I consider myself blessed to work with a diverse group of clients from countless professional backgrounds, occupations, geographical locations and industries. The love I have for professional training and development stems from the fact that I am always learning as much as I am "teaching" to those I am hired to advise.
My column this week is dedicated to telling the true story about "older" professionals who are walking amongst us in our busy offices and communities. It is completely inspired by those I've worked with in recent years who some might mistakenly cast judgment upon as being less capable. Hopefully, it will motivate you to live your work life in a way that encourages an age-friendly workplace for everyone.
Truth No. 1 - YOU might be considered an older worker without realizing it.
According to the United States Department of Labor, people aged 45 years or older could be considered an older worker. The total population of workers who fall within this category is estimated to be nearly 25 percent, according to the United States Bureau of Labor Statistics. Furthermore, the bureau estimates the median age of the American labor force to be 42 years old.
Truth No. 2 - Older workers are intelligent and fully capable of learning new things.
A 2005 study from Harvard Medical School concluded that a person's I.Q. doesn't decline with age and the mind doesn't deteriorate, unless you don't use your brain. In fact, it points out that older workers retain information longer and they tend to complete training at a higher rate than younger workers.
Truth No. 3 - Older workers have good memories.
There is no direct correlation that has ever proven a link between age and memory. However, there is a proven correlation between a person's ability to remember and their levels of emotional upset or depression. It's important not to confuse the older worker's ability to remember things, with the inner turmoil they are experiencing due to being cast aside as irrelevant in our society.
Truth No. 4 - Older workers are worth the investment.
I was astonished at something I heard recently. Someone was telling me about a situation where a person in a leadership position within a highly recognizable organization stated they "weren't interested" in interviewing any "older" candidates for a position within their department because they wouldn't "be there long enough." This leader - and I use the term 'leader' loosely - even went so far as to ask the age of the person who expressed interest in applying for the opening within their department. Not only is this illegal and highly unethical, but it is based on false stereotypes.
According to the United States Bureau of Labor Statistics, the average length of employment for older workers is just over ten years, as compared to just over three years for workers 25-34 years of age. In fact, Forbes Magazine recently released results of a survey stating that 91 percent of workers born between 1977 and 1997 typically expect to stay in a job for less than three years. As a hiring manager, it is highly presumptuous and misleading to base a hiring decision on your false assumptions of an older candidate's possible retirement age.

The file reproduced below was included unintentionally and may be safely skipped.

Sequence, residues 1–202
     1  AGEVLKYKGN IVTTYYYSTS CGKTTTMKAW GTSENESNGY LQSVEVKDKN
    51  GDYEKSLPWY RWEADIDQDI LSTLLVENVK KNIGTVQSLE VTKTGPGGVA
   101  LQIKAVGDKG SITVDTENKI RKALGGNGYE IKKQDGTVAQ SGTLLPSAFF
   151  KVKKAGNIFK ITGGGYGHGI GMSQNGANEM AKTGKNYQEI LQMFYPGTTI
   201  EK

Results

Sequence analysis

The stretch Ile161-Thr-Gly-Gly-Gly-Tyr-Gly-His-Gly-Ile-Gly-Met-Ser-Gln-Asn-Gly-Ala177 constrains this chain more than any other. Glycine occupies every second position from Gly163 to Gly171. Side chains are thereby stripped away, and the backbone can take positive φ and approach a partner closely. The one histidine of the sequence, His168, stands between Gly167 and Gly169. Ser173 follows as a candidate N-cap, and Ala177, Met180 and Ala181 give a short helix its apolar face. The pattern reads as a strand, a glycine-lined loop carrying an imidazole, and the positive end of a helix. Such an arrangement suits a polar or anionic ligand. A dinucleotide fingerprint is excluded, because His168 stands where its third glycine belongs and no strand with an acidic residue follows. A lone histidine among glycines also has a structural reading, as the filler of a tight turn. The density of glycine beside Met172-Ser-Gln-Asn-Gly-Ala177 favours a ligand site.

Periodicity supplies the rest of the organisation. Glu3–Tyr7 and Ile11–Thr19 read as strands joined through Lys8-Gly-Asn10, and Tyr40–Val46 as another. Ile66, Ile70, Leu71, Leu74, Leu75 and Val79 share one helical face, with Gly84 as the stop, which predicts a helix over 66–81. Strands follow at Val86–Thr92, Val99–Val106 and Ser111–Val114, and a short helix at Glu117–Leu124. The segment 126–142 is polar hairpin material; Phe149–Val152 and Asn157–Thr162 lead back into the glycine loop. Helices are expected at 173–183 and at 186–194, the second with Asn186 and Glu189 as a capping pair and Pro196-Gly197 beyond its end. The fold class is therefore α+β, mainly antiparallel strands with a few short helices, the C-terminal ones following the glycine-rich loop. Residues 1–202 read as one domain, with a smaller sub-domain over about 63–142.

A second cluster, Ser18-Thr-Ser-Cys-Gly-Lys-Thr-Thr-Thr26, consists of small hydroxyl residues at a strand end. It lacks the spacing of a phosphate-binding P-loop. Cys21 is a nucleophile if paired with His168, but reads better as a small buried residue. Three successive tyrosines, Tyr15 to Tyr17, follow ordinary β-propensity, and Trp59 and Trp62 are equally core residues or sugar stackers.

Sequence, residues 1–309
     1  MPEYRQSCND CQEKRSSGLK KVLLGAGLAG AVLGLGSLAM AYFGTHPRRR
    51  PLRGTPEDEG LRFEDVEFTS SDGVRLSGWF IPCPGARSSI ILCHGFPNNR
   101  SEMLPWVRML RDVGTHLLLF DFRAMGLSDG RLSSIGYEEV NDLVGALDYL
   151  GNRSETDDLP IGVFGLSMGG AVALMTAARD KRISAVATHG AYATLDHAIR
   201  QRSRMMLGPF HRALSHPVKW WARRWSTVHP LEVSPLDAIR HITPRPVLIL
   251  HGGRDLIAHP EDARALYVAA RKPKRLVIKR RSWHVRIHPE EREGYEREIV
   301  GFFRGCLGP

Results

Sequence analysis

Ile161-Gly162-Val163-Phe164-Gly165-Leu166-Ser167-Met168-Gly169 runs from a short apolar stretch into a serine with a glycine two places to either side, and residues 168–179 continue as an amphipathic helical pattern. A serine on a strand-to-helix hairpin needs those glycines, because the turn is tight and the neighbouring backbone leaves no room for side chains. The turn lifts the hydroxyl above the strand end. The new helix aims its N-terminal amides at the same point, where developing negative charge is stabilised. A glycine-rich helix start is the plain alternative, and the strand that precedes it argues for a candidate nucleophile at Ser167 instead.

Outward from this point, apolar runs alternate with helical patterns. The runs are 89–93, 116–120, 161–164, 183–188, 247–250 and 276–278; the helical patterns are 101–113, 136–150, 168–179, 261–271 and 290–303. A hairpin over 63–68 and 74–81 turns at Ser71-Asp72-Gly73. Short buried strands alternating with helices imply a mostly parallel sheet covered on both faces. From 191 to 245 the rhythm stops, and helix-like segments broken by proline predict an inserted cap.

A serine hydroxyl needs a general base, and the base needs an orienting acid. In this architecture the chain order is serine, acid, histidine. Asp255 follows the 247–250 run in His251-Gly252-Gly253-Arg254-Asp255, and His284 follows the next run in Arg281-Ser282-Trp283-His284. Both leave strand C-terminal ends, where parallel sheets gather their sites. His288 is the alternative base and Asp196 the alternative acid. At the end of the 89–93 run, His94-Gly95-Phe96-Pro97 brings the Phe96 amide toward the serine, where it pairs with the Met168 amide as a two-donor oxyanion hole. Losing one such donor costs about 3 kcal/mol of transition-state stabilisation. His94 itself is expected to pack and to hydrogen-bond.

Truth No. 5 - Older workers have a lot to offer.
Where do I begin? Perhaps the best way to convey this message is to list out findings of a study released by the Department of Psychology at Portland State University. There are many areas where older workers tend to outperform their younger counterparts. These include an older worker being more likely to: help colleagues; comply with safety rules; avoid office gossip; be punctual; have low absenteeism, and have wisdom from past experiences to share.
As you contemplate what you've just read, consider how you can stop ageism in your organization and take advantage of what a mature workforce can offer. Reading these truths can be your first step towards distinguishing your personal bias from actual performance ability.
Elizabeth P. Cipolla is a regional director and senior consultant with JL Nick and Associates Inc. She is a business communications professional specializing in the areas of leadership training, creative recruitment strategies, employment branding, professional development and executive coaching for more than 13 years. Her leadership experience comes from various industries including marketing, mass media, apparel, education, manufacturing, nonprofit agencies and insurance. To contact Elizabeth, email her at email@example.com or visit JL Nick and Associates' website at www.jlnick.com.